Between 2012 and mid-2015, the Indian startup industry was on the cusp of a boom. Fortunes seem to have suffered a reversal since. This year, the sector was seen hobbling from one mistake to another.
At least, that is the impression that headlines in Indian business media created. There was a time when every achievement of India’s tech startups was heralded as a mark of their perfection; now, every failure—from firing to hiring—is taken as a sign of an impending collapse.
Here’s the story—told through news headlines—of the Indian startup community’s transformation from a rock star to a rickety boat:
In May 2015, media declared that India, where the startup boom was less than a decade old, was home to eight startup unicorns (companies valued at over $1 billion). The following few months were all about celebrating this exotic title:
The celebration, however, did not last long. By the end of 2015, the sky-high valuations were appearing to be hollow.
Is the bubble bursting for India’s online startups? — questioned Agence France-Presse in November 2015.
And the negative coverage increased in 2016:
Until early 2015, several new investors were looking to bet on the country. For instance, Google Capital was reportedly considering opening an India office—its first outside the US.
The investment sentiment stayed upbeat through the year, with some significant rounds:
Snapdeal valued at $4.8 billion after raising $500 million fresh funds —Mint newspaper reported in August 2015.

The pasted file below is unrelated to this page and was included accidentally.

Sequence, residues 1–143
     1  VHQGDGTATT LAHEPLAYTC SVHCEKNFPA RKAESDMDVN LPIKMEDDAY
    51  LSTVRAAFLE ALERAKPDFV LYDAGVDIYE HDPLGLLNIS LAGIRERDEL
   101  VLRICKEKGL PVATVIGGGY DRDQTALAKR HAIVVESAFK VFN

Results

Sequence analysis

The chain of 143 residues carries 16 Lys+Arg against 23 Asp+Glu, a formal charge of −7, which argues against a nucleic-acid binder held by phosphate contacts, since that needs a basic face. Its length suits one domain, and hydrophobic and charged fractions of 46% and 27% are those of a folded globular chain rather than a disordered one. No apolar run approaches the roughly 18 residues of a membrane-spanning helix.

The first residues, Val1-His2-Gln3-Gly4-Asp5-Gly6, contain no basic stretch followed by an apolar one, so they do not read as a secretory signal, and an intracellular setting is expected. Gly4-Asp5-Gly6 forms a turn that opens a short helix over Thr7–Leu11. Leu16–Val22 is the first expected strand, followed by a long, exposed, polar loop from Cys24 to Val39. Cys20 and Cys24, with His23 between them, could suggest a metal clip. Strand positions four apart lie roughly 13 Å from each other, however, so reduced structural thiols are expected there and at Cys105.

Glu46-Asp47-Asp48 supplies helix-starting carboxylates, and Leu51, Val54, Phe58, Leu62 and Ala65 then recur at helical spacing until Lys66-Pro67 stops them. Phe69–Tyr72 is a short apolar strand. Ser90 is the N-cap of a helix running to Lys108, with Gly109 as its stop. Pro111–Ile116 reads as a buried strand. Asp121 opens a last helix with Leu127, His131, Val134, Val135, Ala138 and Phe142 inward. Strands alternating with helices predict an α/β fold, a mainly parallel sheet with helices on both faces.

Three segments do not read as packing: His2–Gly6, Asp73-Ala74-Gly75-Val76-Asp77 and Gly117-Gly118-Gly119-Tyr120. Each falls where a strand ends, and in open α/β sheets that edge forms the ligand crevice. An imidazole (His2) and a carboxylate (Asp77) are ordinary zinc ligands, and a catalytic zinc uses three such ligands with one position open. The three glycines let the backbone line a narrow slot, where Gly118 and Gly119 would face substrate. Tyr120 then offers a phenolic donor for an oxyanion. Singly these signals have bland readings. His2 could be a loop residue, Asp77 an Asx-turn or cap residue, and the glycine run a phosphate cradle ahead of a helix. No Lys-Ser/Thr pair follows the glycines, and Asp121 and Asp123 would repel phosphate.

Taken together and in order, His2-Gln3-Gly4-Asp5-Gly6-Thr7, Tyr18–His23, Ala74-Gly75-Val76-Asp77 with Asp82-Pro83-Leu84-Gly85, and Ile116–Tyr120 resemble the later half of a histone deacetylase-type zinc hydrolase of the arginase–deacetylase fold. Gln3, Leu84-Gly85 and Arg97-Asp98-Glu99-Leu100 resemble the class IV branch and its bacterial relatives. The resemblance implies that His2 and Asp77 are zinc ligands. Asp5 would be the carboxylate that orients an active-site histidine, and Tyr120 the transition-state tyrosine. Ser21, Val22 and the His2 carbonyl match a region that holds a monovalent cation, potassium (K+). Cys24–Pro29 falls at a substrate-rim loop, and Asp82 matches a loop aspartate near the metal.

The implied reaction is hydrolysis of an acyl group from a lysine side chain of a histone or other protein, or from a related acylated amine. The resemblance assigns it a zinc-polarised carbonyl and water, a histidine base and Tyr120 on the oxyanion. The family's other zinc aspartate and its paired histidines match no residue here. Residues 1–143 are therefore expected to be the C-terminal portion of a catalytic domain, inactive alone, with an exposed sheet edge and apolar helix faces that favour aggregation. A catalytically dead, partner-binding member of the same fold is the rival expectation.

2015 was the biggest year for Indian Startups —The Hindu newspaper wrote in January.
What bubble? Indian startups have had a banner year — Quartz reported about a 40% on-year increase in funding in 2015.
Today, finding investors is not easy. Flipkart and Snapdeal are struggling to raise funds at their preferred valuations.
In 2014-15, when other industries in India were going slow on hiring due to macroeconomic reasons, startups were hiring in bulk.
But by the end of 2015, many began questioning such hiring, eventually leading to layoffs. November and December saw a bloodbath among Indian startups, with some of the top firms sacking hundreds of employees each.
In March 2015, Flipkart hired Silicon Valley veteran and former top Google executive Punit Soni. The development was seen as a milestone for India’s startup sector, as it highlighted its ability to attract global talent.
Flipkart’s new Silicon Valley hire shows India’s startup scene is really taking off — TechCrunch’s headline on March 4, 2015.
Soni was not the only one to relocate from the Valley to India. Several others quit high-profile jobs in the US to work with technology companies in India.
This was seen as the beginning of a “reverse brain drain” or ”brain gain” for India. Many said the technology talent that had fled India in the 1980s and 90s due to lack of opportunities would now find its way back.
Reversing the brain drain—Indian startups woo back talent from abroad — a post on coupons portal, Cashdealkart.com, in May last year.
But less than a year since this trend began, it was stuttering.
Top level shake-ups at Flipkart continue: Now, chief product officer Punit Soni quits — Firstpost’s headline on Apr 14, 2016.
I can see other people also exiting India around me: Punit Soni — The Hindu on May 23.
India’s Snapdeal loses key Silicon Valley vet Anand Chandrasekaran as it battles Amazon — said a May 24 headline on Recode.
Have start-ups benefited from expensive Silicon Valley recruits? — questioned Mint.
Not so long ago, Indian startups—flush with funds—were focused on rapidly expanding into new cities.
But, in recent months, scaling up has given way to scaling down: